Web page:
At our last Lenten Supper as we discussed Christ’s final words on the cross, one of the participants mentioned that when Christ said “My God, My God, why have you forsaken me”, that this showed Jesus’ humanity and suffering. I found that this stuck with me as it is something I have spent years pondering myself. Christ struggled in his last hours appealing to God in prayer in the garden before hand and from the cross feeling the full affects of abandonment and humiliation. He probably struggled to connect with God, in a way he had never before experienced, even when he was tempted in the desert for 40 days.
Nothing could have prepared Christ for the pain and suffering he endured on the cross. Yet, as abandoned as he felt, as hard of a time he had connecting with God in those moments, he still turned to God. In his pain and loneliness, he looked towards God to give him strength to endure. His faith and commitment to God never wavered for a moment. He exhibited a faith that many of us struggle to maintain. It is hard to have faith when life is difficult, when everything seems to be going wrong, when illness sets in, and when we experience loss that tears into the fabric of who we are. Yet, we are called to remain faithful. We are called to look upon the image of Christ on that Cross as an example of the life being offered to us even in the darkest of moments in life.
I knew a lady, who happened to be my reading teacher in elementary school, and a church elder when I was a child. She truly took to heart the life offered in Christ and the comfort that faith was able to afford her even in the most trying of times in her life. She lost her husband suddenly when she had three little children. She later would remarry and had many years of happy marriage. But she would suddenly lose her daughter in her first year of college to a horrible car accident. She would lose her second husband and her step son. Yet she was one of the most positive women I had ever known. She attended church every Sunday and she truly believed in God and the power of prayer. She didn’t give up in the face of extreme adversity. And I am sure she wondered more than once “Where is God”. I am sure she had every opportunity to wash her hands of faith in God.
But she didn’t. She didn’t give in to the pain and struggles. Instead, she looked towards faith and her faith community for support and comfort. She looked towards the image of Christ upon that Cross and it gave her strength when she was weak. It provided her with a new life when life had beaten her down. And this is the promise for us.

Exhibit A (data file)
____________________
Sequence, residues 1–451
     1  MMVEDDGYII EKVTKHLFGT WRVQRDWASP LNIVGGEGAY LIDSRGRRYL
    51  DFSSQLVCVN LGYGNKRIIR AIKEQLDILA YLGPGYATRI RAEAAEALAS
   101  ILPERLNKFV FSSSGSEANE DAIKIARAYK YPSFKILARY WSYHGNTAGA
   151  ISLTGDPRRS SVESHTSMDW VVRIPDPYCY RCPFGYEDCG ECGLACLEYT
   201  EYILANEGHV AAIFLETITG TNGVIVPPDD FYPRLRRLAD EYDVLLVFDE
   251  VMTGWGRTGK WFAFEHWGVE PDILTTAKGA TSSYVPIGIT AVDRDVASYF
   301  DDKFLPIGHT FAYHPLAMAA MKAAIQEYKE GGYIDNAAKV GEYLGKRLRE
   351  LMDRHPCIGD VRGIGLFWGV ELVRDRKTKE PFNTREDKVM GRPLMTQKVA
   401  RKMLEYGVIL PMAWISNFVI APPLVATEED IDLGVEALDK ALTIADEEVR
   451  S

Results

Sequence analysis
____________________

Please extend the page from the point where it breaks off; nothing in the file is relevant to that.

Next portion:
In the time of Moses, he was leading a people who had lived for generations as slaves. Then they got freedom and it was easy to have faith in God. But then life got very hard for them as they wandered through the desert. They struggled to have faith when they didn’t have enough to eat and drink, and when poisonous snakes were attacking their camps. Each time they would complain, not to God but to Moses, because in their hardship they didn’t know where to turn. They wondered where God was in their suffering and struggles and whether he would deliver them or kill them. Each time this occurred God would perform miracles to help inspire faith amidst life’s chaos.
Through Moses, God had lifted up a symbol of hope for a people in need. In the same way, Christ is our symbol of hope for those challenging times in our lives, those times when we have doubts, questions, anger, and grief. That cross is a reminder to us that we will not always feel alone in our struggles because as we struggle God works to remind us that he is our source of comfort and strength. It is up to us to make the decision to look to God in our prayers when we would otherwise give up and turn away in anger.
Dr. Martin Luther King Jr. wrote, “As my sufferings mounted I soon realized that there are two ways in which I could respond to my situation – either to react with bitterness or seek to transform the suffering into a creative force. I decided to follow the latter course”. Christ showed us in his life what it truly means to have faith. Having faith means to turn to God even in those moments when life is the most challenging. With each moment, with each challenge, with each experience, we have the choice to either look towards God in trust, in prayer, and in search of his light or we could choose to give up on him and to turn to other things to find our comfort in life, things that do not bring life but often bring on more heartache and distance between us and others. In John we are told, “But those who do what is true come to the light, so that it may be clearly seen that their deeds have been done in God”.
It is our job to continually look towards God trusting that his light is wrapping around us to comfort us when needed and to lead through our challenges and into a time of joy. When we look to God we find true compassion and love that cannot be filled by objects or other people. When we trust in God, we learn the true meaning and depth of God’s love for us. So work to turn away from human vices and towards the only person who can understand our pain and our struggles and still offer us the love we need to find happiness. Let us work to place all that we are in God today and every day.
 Dr. Martin Luther King Jr. 20th century preacher and civil rights leader.
 John 3: 21, RSV.
(Based on Numbers 21: 4-9 and John 3: 14-21)